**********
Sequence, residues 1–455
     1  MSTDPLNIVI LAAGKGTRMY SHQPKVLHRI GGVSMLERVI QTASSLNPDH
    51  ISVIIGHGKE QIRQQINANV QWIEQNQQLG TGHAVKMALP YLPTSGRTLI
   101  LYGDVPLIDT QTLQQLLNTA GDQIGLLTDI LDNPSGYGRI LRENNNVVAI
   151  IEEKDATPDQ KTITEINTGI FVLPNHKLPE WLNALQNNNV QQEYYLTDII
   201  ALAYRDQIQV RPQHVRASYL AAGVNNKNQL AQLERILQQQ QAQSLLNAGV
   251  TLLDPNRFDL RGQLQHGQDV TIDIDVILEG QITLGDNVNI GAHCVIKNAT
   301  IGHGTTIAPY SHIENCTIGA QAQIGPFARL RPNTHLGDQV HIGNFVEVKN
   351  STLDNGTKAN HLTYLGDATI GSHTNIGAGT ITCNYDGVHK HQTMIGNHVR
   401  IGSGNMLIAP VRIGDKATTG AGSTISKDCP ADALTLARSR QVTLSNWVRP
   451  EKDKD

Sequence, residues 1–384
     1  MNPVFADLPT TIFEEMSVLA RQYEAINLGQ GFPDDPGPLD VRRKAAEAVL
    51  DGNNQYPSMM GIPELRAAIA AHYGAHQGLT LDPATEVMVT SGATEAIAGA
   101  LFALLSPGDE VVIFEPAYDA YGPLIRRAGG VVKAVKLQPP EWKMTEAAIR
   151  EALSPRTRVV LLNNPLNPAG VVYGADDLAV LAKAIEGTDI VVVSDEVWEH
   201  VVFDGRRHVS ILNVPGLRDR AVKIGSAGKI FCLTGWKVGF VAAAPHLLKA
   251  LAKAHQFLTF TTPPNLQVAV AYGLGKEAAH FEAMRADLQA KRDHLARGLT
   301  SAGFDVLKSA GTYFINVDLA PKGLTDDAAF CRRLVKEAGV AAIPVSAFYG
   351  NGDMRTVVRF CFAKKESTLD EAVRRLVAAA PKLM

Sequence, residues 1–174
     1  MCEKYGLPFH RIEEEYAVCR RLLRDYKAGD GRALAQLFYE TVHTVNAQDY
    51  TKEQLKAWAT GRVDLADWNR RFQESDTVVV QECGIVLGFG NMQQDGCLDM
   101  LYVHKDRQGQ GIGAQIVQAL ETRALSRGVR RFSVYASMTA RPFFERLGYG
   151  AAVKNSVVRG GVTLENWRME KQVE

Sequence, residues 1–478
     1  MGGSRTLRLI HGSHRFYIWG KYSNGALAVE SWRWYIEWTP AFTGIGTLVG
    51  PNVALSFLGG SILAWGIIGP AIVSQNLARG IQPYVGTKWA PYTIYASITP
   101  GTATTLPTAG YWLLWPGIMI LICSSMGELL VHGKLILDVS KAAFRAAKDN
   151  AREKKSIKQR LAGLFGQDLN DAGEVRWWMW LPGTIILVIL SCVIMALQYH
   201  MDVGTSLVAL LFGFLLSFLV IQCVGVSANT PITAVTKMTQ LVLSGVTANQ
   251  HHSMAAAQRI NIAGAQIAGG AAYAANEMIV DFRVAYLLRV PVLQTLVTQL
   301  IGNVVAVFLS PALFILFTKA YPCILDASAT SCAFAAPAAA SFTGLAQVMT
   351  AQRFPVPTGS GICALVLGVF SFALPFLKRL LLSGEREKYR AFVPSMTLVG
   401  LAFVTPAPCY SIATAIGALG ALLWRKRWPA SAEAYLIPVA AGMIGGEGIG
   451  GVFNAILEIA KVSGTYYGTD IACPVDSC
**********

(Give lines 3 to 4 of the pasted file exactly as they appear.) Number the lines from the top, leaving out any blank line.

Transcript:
    51  ISVIIGHGKE QIRQQINANV QWIEQNQQLG TGHAVKMALP YLPTSGRTLI
   101  LYGDVPLIDT QTLQQLLNTA GDQIGLLTDI LDNPSGYGRI LRENNNVVAI